Chairwoman of Congressional Black Caucus endorses Joe Biden

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Rep. Karen Bass, D-Calif., chair of the Congressional Black Caucus, speaks to the media as members of the Congressional Tri-Caucus meet with reporters to discusses the 2020 Census on Capitol Hill in Washington, Thursday, March 5, 2020. From left are House Democratic Caucus Chair Hakeem Jeffries, D-N.Y., Bass, Rep. Steven Horsford, D-Nev., 2020 Census Task Force for the Congressional Black Caucus, Democratic Caucus Vice Chair Katherine Clark, D-Mass., and Rep. Deb Haaland, D-N.M., Native American Caucus co-chair. (AP Photo/J. Scott Applewhite)

The chairwoman of the Congressional Black Caucus has endorsed Joe Biden for president, an influential nod of support that could bolster his 2020 Democratic campaign.

The endorsement by Democratic Rep. Karen Bass of California on Friday is the latest testament of a growing coalescence of support for Biden's White House bid. Biden's campaign has seen a resurgence powered by black voters, who have helped cement his front-runner status after commanding wins in several recent primaries, including in South Carolina, in several Southern states and just this week in Michigan.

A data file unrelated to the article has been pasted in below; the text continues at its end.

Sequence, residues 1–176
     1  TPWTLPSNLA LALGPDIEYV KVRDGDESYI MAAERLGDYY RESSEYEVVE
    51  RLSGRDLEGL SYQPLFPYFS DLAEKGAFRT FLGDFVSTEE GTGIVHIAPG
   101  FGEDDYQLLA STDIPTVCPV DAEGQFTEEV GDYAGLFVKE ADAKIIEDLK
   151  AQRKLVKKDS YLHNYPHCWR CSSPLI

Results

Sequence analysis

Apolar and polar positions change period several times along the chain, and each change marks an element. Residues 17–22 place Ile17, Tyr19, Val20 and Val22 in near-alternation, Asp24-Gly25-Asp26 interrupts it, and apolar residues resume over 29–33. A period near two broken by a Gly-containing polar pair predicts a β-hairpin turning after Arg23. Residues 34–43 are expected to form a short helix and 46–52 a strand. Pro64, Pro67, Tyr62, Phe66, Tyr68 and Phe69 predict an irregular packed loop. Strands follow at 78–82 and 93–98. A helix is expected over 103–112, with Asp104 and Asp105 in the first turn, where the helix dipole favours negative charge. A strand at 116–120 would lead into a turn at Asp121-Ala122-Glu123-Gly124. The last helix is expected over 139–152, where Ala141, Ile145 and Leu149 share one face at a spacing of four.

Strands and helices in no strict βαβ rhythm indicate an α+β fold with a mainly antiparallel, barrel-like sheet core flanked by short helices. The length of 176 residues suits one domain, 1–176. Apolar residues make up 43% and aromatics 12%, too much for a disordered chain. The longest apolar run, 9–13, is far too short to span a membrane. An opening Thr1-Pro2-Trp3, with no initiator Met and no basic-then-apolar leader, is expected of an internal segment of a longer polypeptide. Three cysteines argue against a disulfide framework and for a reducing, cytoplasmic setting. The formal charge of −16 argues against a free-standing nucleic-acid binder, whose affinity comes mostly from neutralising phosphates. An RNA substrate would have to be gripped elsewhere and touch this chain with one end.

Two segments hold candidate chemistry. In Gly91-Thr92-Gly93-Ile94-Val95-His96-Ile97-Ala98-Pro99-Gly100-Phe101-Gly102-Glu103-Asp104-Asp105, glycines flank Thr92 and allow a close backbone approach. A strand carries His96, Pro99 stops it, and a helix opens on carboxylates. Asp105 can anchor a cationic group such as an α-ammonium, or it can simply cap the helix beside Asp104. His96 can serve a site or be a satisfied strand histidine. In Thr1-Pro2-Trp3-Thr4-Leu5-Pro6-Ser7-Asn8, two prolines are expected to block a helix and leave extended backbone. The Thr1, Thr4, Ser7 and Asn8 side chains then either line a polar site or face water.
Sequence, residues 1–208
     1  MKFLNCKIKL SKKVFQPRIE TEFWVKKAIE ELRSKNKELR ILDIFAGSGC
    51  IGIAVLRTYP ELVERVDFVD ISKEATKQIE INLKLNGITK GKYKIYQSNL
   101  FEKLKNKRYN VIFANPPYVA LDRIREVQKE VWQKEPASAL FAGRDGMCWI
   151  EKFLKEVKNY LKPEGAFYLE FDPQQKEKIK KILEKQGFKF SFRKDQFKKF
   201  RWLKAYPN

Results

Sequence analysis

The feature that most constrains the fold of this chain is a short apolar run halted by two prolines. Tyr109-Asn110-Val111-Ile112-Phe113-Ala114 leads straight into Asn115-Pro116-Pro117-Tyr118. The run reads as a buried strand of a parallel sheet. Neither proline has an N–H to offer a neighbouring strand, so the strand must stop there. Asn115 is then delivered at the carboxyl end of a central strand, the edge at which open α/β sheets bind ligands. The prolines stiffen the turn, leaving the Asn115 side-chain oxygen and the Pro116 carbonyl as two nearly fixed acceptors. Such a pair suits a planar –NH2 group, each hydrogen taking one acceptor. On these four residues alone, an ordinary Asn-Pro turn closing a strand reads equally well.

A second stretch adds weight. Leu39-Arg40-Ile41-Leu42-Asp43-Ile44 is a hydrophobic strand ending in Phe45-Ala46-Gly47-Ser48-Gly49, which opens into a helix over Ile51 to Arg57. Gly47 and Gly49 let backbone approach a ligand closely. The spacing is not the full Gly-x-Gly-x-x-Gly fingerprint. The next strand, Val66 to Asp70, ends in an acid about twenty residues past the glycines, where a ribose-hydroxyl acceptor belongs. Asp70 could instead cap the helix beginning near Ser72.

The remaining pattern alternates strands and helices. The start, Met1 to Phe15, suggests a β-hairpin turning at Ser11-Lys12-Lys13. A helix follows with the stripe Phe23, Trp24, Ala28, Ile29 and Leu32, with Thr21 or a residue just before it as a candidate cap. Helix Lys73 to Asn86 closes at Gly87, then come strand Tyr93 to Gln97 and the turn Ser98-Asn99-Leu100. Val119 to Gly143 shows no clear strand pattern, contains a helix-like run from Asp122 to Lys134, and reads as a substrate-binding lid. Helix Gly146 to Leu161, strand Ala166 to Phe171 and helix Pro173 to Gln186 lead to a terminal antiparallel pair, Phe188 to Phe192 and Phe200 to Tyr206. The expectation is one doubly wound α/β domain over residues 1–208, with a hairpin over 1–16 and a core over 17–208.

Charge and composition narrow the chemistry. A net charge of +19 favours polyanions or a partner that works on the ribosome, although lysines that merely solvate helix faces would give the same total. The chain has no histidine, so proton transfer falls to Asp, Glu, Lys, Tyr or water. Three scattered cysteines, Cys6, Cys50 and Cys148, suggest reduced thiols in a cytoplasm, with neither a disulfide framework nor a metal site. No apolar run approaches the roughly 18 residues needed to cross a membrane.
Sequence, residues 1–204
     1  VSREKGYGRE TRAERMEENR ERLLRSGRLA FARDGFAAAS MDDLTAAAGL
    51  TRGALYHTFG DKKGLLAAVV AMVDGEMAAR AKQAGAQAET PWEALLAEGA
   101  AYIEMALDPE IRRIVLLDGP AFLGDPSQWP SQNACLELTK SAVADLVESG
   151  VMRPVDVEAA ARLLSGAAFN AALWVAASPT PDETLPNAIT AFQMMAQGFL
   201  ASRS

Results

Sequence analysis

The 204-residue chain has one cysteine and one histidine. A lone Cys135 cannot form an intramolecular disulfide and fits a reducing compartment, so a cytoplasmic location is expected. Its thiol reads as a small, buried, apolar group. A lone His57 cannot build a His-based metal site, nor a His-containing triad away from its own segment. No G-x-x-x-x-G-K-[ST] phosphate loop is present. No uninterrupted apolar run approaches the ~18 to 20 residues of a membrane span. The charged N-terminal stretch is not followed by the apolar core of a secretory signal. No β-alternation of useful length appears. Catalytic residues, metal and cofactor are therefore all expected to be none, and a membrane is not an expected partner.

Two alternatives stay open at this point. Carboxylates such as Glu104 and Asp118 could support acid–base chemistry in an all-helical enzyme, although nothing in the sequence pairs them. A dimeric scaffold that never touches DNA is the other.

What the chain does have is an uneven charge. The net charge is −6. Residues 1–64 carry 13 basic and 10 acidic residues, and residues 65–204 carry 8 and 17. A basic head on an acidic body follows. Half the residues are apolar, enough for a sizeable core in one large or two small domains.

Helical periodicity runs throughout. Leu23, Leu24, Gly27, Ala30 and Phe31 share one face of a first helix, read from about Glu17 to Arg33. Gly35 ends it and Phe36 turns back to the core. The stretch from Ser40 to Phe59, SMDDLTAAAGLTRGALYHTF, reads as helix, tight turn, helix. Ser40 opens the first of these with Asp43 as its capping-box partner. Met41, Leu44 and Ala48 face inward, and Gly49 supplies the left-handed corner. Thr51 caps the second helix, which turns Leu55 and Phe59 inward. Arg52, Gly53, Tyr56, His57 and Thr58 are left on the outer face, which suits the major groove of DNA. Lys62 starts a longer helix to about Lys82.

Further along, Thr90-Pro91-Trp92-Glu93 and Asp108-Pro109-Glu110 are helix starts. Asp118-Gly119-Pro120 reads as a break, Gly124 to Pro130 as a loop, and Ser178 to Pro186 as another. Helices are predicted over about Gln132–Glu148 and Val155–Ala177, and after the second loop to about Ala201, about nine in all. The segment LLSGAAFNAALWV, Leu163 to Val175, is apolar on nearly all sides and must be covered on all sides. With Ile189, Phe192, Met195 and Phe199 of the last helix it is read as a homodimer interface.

“It's very clear to me that he is the best person, not just to beat (President Donald) Trump, but he is the person to lead at this time," Bass said in an interview with The Associated Press. “I think him having a long-standing history of working with African American communities, most notably in his own state but around the country, was qualitatively different from the other candidates.”

Biden's progressive rival, Sen. Bernie Sanders of Vermont, who has performed well among younger and Latino voters, has struggled to garner support within the African American community. Black voters will continue to be a key demographic as both campaigns eye upcoming primary contests in states with large black populations, like Georgia.

Bass said she held off endorsing a candidate because two CBC members, Cory Booker and Kamala Harris, were running for president. Booker and Harris have since dropped out and endorsed Biden, a former vice president and U.S. senator from Delaware.

The CBC as a whole is not officially endorsing a candidate, Bass said, but the majority of members have already announced support for Biden. The powerful group, created in 1971, is composed of most African American members of Congress, making up nearly 25% of the Democratic majority in the House. Of the 54-member group, 37 have endorsed Biden, including House Majority Whip Jim Clyburn, who has been credited with helping turn the tide for Biden with a big win in Clyburn's home state of South Carolina.

One member of the CBC, Democratic Rep. Ilhan Omar of Minnesota, has endorsed Sanders.

Although Biden has strong support within the African American community, especially among older voters, concerns have been raised about his ability to energize young and progressive voters.